One day in 1926, J. F. Petrie told me with much excitement that he had discovered two new regular polyhedra; infinite, but free from false verticesSkew polyhedra either have skew faces or skew vertex figures. The three infinite regular polyhedra described above (the mucube, muoctahedron, and mutetrahedron) are examples of the latter. The Petrials of these three and the Petrials of the three regular tilings (square tiling, triangular tiling, and hexagonal tiling) are just some of the 27 infinite regular polyhedra with skew faces (those faces being helices or zigzags). And the finite regular polyhedra with skew faces are the Petrials of the nine Platonic and Kepler-Poinsot solids.^{[1]}. When my incredulity had begun to subside, he described them to me: one consisting of squares, six at each vertex [fig], and one consisting of hexagons, four at each vertex [fig]. It was useless to protest that there isno roomfor more than four squares round a vertex. The trick is, to let the faces go up and down in a kind of zig-zag formation, so that the faces that adjoin a given “horizontal” face lie alternately “above” and “below” it. When I understood this, I pointed out a third possibility: hexagons, six at each vertex [fig].^{[2]}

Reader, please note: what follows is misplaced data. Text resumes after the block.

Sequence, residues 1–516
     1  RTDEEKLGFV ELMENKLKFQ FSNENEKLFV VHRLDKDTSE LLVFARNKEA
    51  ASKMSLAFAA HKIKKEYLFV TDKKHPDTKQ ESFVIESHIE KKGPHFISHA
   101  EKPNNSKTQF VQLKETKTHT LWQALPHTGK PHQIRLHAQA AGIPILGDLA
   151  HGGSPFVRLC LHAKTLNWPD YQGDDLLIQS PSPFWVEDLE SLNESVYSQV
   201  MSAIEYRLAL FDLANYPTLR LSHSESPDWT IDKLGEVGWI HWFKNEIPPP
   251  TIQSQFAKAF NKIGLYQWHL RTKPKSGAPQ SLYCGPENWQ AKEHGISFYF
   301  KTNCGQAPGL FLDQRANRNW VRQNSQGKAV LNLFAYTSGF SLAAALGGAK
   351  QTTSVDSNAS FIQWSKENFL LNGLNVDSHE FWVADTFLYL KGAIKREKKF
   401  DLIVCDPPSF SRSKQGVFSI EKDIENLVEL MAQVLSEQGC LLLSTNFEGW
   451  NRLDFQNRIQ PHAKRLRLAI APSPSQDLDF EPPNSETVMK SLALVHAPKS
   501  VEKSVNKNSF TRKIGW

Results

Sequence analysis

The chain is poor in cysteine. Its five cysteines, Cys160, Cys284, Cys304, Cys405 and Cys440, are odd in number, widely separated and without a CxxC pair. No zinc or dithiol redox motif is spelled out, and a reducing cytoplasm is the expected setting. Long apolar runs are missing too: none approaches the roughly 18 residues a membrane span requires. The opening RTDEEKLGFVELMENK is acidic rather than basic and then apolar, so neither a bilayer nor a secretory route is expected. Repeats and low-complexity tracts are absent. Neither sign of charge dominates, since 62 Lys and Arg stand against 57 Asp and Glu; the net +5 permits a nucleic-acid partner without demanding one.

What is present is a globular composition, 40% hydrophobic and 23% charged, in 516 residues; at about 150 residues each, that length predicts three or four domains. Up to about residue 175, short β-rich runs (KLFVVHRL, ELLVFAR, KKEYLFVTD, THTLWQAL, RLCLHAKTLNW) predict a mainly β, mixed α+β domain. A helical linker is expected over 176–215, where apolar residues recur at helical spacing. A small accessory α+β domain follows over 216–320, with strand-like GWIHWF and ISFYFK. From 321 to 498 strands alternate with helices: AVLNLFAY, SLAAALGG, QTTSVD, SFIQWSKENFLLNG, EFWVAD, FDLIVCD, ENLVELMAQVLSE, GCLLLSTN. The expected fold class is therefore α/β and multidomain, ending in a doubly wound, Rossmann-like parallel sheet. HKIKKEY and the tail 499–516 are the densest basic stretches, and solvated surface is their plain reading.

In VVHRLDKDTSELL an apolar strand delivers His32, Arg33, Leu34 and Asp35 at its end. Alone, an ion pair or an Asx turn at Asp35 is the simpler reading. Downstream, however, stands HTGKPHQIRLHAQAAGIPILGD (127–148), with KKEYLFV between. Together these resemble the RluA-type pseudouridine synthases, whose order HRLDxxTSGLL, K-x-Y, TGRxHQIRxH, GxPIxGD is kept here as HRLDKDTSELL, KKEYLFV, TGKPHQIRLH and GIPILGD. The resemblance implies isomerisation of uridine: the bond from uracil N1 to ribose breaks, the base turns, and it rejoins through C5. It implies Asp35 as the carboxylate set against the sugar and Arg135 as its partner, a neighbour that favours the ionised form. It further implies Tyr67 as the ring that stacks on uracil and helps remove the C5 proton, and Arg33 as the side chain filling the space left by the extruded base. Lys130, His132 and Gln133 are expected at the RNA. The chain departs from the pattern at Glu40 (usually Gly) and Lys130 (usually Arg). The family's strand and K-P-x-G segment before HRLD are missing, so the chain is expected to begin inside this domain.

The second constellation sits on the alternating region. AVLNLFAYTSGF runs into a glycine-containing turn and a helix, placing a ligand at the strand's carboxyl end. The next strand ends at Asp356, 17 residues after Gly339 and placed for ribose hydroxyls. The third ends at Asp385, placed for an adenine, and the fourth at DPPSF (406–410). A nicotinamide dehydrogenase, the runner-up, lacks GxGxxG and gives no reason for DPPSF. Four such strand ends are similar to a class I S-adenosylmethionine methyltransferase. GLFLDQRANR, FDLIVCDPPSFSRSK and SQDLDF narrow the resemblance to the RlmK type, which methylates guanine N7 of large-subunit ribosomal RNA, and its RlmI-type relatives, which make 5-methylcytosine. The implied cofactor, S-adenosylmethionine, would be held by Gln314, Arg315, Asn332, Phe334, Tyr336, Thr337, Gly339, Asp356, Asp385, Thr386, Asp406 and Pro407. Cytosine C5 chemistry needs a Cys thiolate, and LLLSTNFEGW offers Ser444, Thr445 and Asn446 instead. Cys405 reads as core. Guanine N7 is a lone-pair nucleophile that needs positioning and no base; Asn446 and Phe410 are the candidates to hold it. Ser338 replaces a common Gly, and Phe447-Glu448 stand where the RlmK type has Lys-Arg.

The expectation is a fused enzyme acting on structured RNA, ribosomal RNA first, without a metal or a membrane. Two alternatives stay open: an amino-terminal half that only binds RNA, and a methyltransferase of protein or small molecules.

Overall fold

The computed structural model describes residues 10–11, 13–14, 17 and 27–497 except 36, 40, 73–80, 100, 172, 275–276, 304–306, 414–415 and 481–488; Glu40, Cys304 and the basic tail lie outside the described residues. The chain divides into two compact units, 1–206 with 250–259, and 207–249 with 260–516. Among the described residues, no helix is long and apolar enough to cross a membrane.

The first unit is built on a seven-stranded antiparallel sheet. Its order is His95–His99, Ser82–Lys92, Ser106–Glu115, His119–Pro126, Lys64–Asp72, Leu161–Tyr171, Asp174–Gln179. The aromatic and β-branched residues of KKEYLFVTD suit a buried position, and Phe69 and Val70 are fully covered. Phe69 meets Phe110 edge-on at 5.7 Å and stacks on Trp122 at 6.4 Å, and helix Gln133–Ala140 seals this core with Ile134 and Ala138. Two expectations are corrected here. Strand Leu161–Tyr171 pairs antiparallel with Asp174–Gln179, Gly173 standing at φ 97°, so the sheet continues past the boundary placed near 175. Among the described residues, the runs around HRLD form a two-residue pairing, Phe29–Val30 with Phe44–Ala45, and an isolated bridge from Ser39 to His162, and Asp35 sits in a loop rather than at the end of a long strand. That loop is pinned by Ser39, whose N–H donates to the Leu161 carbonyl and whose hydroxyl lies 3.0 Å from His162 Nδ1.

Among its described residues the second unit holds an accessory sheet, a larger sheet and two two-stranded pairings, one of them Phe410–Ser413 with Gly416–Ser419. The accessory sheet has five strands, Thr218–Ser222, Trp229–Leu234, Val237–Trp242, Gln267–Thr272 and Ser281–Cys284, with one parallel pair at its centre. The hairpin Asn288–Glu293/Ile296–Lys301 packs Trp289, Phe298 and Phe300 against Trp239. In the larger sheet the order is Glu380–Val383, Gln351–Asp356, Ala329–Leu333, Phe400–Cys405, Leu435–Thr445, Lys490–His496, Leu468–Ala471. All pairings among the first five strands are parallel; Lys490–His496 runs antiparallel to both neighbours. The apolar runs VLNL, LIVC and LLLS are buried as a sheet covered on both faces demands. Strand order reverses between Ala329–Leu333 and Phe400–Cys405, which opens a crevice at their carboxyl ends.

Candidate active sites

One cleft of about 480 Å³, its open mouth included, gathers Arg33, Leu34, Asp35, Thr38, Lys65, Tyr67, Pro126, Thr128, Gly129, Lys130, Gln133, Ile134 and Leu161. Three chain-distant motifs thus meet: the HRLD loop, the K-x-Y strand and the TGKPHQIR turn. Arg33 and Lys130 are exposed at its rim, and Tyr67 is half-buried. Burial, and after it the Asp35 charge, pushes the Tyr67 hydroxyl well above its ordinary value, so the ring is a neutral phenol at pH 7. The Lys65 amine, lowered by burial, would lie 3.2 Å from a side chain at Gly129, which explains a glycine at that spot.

## Comparison[edit | edit source]

If *n* is the rank of a polytope or element and *m* is the dimension of the Euclidean space where it is realized, standard planar polytopes have *m* = *n* for every element, skew polytopes have *m* > *n* for some element, and tilings have *m* = *n* - 1 for the polytope itself.

## External links[edit | edit source]

- Wikipedia Contributors. "Regular skew polyhedron".
- Wikipedia Contributors. "Skew polygon".

## References[edit | edit source]

- ↑ Places where, due to the self-intersecting nature of some of the non-convex polytopes, apparent vertices can be found, but which do not demark the vertices of the constituent facets.
- ↑ Coxeter, H.S.M.
*The Beauty of Geometry: Twelve Essays*Dover Publications, Inc., 1999, pp. 78-79, italics in original.

This article is a stub. You can help Polytope Wiki by expanding it. |